Malaki Ta’ase admittedly enjoyed flying virtually under the radar as a sophomore at Mountain View last season.
To him, it was motivation.
Now nearing the end of his junior season, Ta’ase has become one of the most dominant defensive ends in the state. He is tied for the most sacks in Arizona with 13 on the year in seven games. Had the 2020 season not been shortened due to the coronavirus pandemic, Ta’ase would be in contention to reach the all-time sack record set by Central alum Azur Kamara in 2015, when he finished the season with 25.
“I just aim to be the best me I can be,” Ta’ase said. “I want to achieve great things in my career, and I’ll put in whatever amount of work is needed to do that.”
But what helped Ta’ase evolve into one of the state’s best pass rushers in short order? Ta’ase said it’s not so much as a matter of “what” but “who.”
Ta’ase first began playing football at a young age. He followed in the footsteps of his older brother, Mata’ava Ta’ase, who dominated for Mountain View at wide receiver before serving his two-year church mission and continuing his football career as a 6-foot-4, 245-pound tight end with the Gila River Hawks of the Hohokam Junior College Athletic Conference – the new level of juco football in the state.
Ta’ase said it took time for him to be known as his own person rather than “Mata’ava’s little brother.” But he acknowledges that’s what happens when a player first steps foot at the varsity level for the first time as a freshman with an older brother having made an impact on the program.
“I remember watching him when I was in elementary school,” Ta’ase said. “Just knowing he was really good at football, I wanted to be like him. He kind of paved the way for me to work to get my own name. I’m now Malaki rather than his little brother.
“But it’s been fun. Especially now that he gets to see me play.”
Ta’ase was never unmotivated being in his brother’s shadow. If anything, he used it as a fuel to his internal fire.
As a freshman, he entered the program at 6-foot-1, 220 pounds. He said that height and weight measurement was generous. Since then, however, he’s gained more than 20 pounds of muscle and now stands nearly 6-feet, 3 inches tall.
With his growth came a much-improved level of strength. Ta’ase now has the ability to overpower opposing offensive linemen, many of which out-weigh him by as much as 20 to 30 pounds. But that hasn’t stopped him from dominating on a weekly basis. Much of Mountain View’s success this season can be attributed to the defensive front-seven, coach Mike Fell said Ta’ase is the leader of.
“I think it started in the offseason,” Fell said. “He started to exhort himself during workouts. He was always the first to finish in sprints and the first one to take reps. Guys just kind of followed him.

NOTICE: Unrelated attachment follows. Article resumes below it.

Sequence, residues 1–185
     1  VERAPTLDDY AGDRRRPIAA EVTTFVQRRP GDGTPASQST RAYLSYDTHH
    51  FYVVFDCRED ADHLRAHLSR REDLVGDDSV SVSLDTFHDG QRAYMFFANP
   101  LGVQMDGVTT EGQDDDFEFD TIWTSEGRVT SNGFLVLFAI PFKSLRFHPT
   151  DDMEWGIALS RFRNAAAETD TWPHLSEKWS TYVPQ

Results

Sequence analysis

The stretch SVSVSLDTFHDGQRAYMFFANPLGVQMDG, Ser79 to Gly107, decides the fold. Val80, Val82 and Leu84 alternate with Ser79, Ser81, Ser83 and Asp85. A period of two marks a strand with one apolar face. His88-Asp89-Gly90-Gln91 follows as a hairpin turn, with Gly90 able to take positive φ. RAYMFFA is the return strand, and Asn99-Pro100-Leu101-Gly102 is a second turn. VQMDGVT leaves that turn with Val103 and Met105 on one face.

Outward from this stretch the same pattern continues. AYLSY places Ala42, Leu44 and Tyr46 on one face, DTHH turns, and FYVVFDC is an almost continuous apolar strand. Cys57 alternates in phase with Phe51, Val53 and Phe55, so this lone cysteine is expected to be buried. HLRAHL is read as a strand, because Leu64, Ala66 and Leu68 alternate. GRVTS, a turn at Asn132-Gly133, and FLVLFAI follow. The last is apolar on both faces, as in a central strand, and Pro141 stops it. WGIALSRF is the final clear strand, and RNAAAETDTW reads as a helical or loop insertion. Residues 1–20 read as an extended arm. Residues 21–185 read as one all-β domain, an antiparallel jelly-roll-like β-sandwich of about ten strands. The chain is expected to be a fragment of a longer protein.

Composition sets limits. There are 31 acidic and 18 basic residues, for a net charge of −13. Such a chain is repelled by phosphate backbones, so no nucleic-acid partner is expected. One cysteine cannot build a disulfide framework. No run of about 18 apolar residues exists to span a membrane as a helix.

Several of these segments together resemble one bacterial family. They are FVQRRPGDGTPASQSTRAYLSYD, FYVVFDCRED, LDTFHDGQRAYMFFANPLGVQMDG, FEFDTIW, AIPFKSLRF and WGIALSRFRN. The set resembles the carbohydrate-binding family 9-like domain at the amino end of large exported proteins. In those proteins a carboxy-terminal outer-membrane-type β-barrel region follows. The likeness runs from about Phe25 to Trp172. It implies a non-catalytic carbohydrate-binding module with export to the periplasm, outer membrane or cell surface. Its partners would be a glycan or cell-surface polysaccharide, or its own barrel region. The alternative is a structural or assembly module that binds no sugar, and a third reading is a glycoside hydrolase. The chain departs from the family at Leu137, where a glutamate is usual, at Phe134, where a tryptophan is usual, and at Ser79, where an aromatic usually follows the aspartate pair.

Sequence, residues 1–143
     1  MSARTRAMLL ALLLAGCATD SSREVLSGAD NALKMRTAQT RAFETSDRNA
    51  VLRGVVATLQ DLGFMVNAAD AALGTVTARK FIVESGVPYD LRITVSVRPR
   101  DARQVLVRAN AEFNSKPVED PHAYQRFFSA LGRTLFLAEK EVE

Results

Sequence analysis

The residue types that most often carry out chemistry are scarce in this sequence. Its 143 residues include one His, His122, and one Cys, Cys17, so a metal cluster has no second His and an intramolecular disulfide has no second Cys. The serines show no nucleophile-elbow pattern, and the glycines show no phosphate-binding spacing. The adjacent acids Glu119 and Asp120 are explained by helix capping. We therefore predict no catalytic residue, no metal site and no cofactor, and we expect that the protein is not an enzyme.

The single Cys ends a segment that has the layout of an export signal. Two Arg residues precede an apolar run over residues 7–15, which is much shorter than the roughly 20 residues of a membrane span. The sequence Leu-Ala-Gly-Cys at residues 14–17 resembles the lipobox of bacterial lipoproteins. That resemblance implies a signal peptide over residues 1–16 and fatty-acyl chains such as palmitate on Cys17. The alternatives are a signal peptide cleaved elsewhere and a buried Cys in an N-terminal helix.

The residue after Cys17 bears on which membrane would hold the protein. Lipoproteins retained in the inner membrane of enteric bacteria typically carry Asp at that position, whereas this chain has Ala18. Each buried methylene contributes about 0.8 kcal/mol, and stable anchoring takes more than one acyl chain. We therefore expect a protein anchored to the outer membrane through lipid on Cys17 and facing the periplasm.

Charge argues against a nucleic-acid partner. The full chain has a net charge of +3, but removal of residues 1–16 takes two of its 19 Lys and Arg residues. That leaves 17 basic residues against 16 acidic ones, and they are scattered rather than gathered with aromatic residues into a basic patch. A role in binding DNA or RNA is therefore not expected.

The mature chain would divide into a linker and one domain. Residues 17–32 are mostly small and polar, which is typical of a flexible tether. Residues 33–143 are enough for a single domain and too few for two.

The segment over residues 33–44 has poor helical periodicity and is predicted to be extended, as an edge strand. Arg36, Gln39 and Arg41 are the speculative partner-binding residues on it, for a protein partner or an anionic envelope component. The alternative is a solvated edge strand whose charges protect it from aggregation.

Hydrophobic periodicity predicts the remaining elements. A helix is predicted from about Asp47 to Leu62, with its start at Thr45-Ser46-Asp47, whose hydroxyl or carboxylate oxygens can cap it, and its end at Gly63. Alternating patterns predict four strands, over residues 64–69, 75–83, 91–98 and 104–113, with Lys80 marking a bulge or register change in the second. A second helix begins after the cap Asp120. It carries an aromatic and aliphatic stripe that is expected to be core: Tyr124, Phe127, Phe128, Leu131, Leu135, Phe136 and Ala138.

“When your best player is leading like that, everybody falls in line.”
Ta’ase’s leadership shined throughout the summer when Mountain View and other programs were attempting to conduct workouts during Arizona’s first major surge of coronavirus cases. The outbreak eventually led to several programs, including Mountain View, taking a few weeks off while cases plateaued.
Ta’ase continued to work during the team’s down time. He kept referring to his sophomore season as a motivational factor. In 2019-20, he thought of himself as just an above-average player after recording eight total sacks in 12 games.
To him, that wasn’t good enough. He wanted to take the next step to become elite.
“I worked with my dad on my technique, footwork, basically anything I could do to improve my game,” Ta’ase said. “I didn’t want to have another season of one sack games. I aimed to have these breakout games where I get three or four sacks every time.”
Ta’ase was well on his way to averaging that mark every game before running into a couple of tough matchups. He wasn’t able to record any sacks against a tough Red Mountain front in the third week of the season. But he made up for it a week later with a four-sack game against Desert Vista.
While he aims to out-perform himself on a weekly basis, he remains content with the overall outcome of the games. Now in Week 8 and preparing to face Corona del Sol, Mountain View is 6-1, its best start in years. The Toros are well on their way to clinching a spot in either the 6A Conference playoffs or perhaps a spot in the Open Divison.
By nature, Ta’ase aims to have the opportunity to prove himself in the Open Division against the state’s top teams. Whether or not he and Mountain View are able to do that remains to be seen.
But one thing is certain, with the help of a Ta’ase-led defense, Mountain View is quickly putting itself back on the map.
“We hear some people saying, ‘oh, maybe Mountain View is back,’” Ta’ase said. “All I have to say to that is yes, it is. We all have one goal and that’s to win a championship.”